• Fr. Guillermo A. Arboleda

Evening Prayer for August 13, 2020

Thursday in the Week of Proper 14

Evening Prayer

August 13, 2020


Check out the live stream at 5:00 p.m. at www.FaceBook.com/StMattSav.


Want to pray on your own? Visit prayer.forwardmovement.org for many varieties of Daily Prayer in the Episcopal tradition.


Note: We are praying using Rite II (contemporary English) language, as is our normal pattern at St. Matthew's. It reminds us that we can speak to God with our ordinary, everyday language. This service is drawn from The Book of Common Prayer (1979) and other liturgical resources of The Episcopal Church and the scriptures are reprinted from the New Revised Standard Version of the Bible.




Evening Prayer, Rite II

[BCP, p. 116]



Jesus said, "I am the light of the world; whoever follows me will not walk in darkness, but will have the light of life."

[John 8:12; BCP, p. 116]



Confession of Sin

[BCP, p. 116]


Let us confess our sins against God and our neighbor.


Most merciful God,

we confess that we have sinned against you

in thought, word, and deed,

by what we have done,

and by what we have left undone.

We have not loved you with our whole heart;

we have not loved our neighbors as ourselves.

We are truly sorry and we humbly repent.

For the sake of your Son Jesus Christ,

have mercy on us and forgive us;

that we may delight in your will,

and walk in your ways,

to the glory of your Name. Amen.


The Officiant says the following (a Priest substitutes "you" for "us")


Almighty God have mercy on [us], forgive [us] all your sins through our Lord Jesus Christ, strengthen [us] in all goodness, and by the power of the Holy Spirit keep [us] in eternal life. Amen.



The Invitatory and Psalter

[BCP, p. 117]


V: O God, make speed to save us. R: O Lord, make haste to help us.


Glory to the Father, and to the Son, * and to the Holy Spirit:

as it was in the beginning, is now, * and will be forever. Amen.

Alleluia!


O Gracious Light

[BCP, p. 118]


O gracious light, pure brightness of the everliving Father in heaven, O Jesus Christ, holy and blessed!

Now as we come to the setting of the sun, and our eyes behold the vesper light, we sing your praises, O God: Father, Son, and Holy Spirit.

You are worthy at all times to be praised by happy voices, O Son of God, O Giver of life, and to be glorified through all the worlds.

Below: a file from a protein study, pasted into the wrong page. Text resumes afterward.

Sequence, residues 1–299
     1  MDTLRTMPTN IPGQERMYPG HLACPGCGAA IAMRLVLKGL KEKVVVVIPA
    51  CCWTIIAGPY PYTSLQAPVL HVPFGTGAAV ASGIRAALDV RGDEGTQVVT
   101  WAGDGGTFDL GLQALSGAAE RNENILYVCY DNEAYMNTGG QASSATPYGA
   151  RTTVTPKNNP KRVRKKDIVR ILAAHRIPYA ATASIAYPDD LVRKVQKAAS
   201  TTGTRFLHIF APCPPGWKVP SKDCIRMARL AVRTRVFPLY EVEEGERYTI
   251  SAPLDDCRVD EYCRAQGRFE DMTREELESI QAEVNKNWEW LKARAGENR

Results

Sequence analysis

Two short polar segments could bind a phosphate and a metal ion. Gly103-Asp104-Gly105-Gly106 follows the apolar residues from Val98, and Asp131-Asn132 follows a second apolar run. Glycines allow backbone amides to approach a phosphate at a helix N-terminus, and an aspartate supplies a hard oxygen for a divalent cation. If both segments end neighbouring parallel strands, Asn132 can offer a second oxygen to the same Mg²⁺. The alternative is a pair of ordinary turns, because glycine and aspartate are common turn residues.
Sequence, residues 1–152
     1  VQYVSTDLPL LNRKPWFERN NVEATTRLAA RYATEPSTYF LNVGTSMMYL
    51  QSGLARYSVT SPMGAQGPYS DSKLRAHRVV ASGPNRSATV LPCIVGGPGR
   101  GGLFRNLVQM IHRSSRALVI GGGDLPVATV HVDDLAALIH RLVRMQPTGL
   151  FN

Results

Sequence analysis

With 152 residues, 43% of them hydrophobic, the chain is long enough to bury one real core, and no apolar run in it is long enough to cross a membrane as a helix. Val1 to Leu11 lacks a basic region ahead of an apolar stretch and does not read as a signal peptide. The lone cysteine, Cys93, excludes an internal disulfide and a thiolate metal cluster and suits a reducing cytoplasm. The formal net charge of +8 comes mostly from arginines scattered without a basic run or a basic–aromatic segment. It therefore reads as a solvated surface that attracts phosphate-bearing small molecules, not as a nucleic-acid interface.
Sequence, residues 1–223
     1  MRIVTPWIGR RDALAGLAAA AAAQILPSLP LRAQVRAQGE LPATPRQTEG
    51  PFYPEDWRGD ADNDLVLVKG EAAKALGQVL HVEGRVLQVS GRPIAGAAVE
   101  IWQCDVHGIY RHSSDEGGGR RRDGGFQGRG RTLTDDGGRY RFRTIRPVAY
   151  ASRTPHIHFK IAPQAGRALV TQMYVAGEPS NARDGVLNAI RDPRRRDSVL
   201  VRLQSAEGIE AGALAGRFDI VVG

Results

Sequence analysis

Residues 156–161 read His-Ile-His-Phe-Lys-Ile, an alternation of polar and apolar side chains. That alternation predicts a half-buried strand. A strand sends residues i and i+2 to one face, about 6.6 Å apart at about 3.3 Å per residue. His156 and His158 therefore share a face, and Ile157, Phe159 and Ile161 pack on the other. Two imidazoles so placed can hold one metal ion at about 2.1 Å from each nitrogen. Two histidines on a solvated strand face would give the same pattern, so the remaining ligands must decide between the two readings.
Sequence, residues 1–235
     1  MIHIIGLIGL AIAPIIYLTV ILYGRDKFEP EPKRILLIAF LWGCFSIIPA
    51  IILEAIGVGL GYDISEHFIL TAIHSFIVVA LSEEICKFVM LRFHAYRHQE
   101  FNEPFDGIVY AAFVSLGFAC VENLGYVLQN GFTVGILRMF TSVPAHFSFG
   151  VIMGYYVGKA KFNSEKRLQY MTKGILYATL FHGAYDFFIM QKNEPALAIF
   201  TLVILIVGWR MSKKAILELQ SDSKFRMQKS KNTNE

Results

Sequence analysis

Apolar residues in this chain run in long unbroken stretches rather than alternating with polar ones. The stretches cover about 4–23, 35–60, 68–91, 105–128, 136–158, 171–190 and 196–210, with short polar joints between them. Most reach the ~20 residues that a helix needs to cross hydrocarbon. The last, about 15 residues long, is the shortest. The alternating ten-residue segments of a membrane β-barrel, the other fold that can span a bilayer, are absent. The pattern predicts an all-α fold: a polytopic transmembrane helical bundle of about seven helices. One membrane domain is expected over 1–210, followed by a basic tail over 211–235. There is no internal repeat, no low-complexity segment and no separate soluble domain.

The Psalm or Psalms Appointed


Psalm 105: Part II

[BCP, p. 739]


23   Israel came into Egypt, *

and Jacob became a sojourner in the land of Ham.

24   The LORD made his people exceedingly fruitful; *

he made them stronger than their enemies;

25   Whose heart he turned, so that they hated his people, *

and dealt unjustly with his servants.

26   He sent Moses his servant, *

and Aaron whom he had chosen.

27   They worked his signs among them, *

and portents in the land of Ham.

28   He sent darkness, and it grew dark; *

but the Egyptians rebelled against his words.

29   He turned their waters into blood *

and caused their fish to die.

30   Their land was overrun by frogs, *

in the very chambers of their kings.

31   He spoke, and there came swarms of insects *

and gnats within all their borders.

32   He gave them hailstones instead of rain, *

and flames of fire throughout their land.

33   He blasted their vines and their fig trees *

and shattered every tree in their country.

34   He spoke, and the locust came, *

and young locusts without number,

35   Which ate up all the green plants in their land *

and devoured the fruit of their soil.

36   He struck down the firstborn of their land, *

the firstfruits of all their strength.

37   He led out his people with silver and gold; *

in all their tribes there was not one that stumbled.

38   Egypt was glad of their going, *

because they were afraid of them.

39   He spread out a cloud for a covering *